The Washington PostDemocracy Dies in Darkness

The GOP will probably hold onto McCain’s seat until 2020

At age 81, and with a cancer diagnosis, Sen. John McCain (R-Ariz.) looked back on his life with immense gratitude. (Video: Reuters)
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This post has been updated.

Sen. John McCain (R-Ariz.)'s death Saturday from brain cancer ended a historic career in the Senate, and came just a day after he announced that he would stop treatment for the disease.

McCain’s passing leaves a vacancy for his Senate seat. Arizona’s governor, Doug Ducey (R), will appoint a replacement for McCain’s seat, which will not be up for election again until November 2020.

That means McCain’s replacement in a nearly evenly divided Senate is likely to be a Republican.

Ducey is up for reelection in November, but his reelection is not nearly as competitive as some of the nation’s other governor battles. Democratic voters will pick Ducey’s challenger Tuesday. Arizona Republicans will vote in the primary to succeed retiring Sen. Jeff Flake.

The state of affairs for Senate Republicans looked much more complicated a few months ago. If McCain had left office before May 30, there would have been a special election for his seat sometime this year. That would have meant Republicans defending two Senate seats in one state. Republicans are already trying to hold onto the seat left open by Flake. Nationally, Democrats have Flake’s seat on the map as one of three to four narrow pathways to help them take the majority in the Senate in November’s midterm elections.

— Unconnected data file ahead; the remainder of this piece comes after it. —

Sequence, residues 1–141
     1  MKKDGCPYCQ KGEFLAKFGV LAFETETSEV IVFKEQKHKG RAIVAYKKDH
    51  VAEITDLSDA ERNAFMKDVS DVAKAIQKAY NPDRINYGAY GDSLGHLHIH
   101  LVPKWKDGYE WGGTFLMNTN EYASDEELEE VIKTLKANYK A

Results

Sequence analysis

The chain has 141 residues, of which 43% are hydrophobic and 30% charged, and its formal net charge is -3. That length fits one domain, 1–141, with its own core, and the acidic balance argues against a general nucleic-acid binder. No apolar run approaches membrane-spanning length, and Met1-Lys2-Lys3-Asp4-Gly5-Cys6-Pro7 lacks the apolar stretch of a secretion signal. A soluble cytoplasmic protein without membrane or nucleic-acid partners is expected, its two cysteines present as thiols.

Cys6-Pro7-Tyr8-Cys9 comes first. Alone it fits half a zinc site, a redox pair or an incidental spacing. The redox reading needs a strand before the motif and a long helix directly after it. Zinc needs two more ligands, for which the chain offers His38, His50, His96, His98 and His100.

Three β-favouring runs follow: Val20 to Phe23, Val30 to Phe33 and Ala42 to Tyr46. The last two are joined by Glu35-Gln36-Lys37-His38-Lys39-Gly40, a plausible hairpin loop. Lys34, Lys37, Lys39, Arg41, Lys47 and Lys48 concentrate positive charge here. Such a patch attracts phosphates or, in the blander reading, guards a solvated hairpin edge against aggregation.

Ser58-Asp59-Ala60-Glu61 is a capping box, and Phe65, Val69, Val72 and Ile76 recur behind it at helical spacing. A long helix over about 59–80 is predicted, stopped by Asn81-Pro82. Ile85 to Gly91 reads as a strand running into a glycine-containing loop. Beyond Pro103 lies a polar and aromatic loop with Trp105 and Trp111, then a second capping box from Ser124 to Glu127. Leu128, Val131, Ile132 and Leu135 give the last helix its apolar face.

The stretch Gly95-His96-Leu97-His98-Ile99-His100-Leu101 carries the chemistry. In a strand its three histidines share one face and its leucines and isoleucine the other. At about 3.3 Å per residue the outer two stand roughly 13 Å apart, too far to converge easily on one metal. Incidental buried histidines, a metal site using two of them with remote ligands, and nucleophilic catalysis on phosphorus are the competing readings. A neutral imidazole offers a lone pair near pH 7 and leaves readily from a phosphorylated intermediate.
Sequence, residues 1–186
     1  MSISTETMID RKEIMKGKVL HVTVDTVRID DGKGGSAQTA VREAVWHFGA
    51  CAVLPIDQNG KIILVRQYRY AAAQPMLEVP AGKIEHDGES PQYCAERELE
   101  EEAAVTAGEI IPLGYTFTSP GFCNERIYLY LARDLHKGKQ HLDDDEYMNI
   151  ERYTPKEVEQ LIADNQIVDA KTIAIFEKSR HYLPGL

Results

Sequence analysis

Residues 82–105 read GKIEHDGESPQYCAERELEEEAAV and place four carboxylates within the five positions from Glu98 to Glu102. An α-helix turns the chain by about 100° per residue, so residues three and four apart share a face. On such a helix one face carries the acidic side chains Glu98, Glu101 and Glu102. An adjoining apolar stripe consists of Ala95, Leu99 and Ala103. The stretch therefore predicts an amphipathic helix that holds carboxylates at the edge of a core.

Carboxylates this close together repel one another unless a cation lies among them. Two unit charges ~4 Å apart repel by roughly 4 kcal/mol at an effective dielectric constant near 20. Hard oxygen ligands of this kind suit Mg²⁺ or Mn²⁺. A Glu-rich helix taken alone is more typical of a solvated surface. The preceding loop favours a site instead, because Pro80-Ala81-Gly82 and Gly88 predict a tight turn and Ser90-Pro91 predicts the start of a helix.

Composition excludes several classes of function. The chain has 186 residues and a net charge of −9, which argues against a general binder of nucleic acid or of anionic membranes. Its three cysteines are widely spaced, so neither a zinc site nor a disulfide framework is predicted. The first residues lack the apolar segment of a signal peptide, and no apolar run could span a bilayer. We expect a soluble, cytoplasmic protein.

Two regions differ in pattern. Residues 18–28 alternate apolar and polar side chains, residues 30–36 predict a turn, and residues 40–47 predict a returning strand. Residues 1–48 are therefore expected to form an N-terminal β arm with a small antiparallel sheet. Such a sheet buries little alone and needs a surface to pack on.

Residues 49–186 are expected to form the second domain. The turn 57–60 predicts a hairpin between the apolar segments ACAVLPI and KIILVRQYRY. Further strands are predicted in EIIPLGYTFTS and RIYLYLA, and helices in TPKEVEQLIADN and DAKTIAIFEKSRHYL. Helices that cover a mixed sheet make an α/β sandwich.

Flake’s seat may still be in play in November, but it looks like McCain’s is not. There’s nothing in the state Constitution that allows for a special election after the May 30 filing deadline, said Matt Roberts, communications director with the Arizona secretary of state’s office.

Election officials told The Washington Post in spring that there was the possibility of a legal battle to try to hold a special election in 2018 for McCain’s seat, even if candidates have to file after that May 30 deadline.

“If there was a vacancy today and we made a decision on ‘yes, call a special election’ or ‘no, [don’t] call a special election’ . . . there is a 99.9 percent chance that litigation would ensue,” said Eric Spencer, election services director in the office of Arizona Secretary of State Michele Reagan, a Republican.

But that was closer to May. Now, a federal election is just months away, and no matter what happens to McCain’s seat in the coming days or weeks or months, it seems very probable that it won’t be on the ballot again until 2020.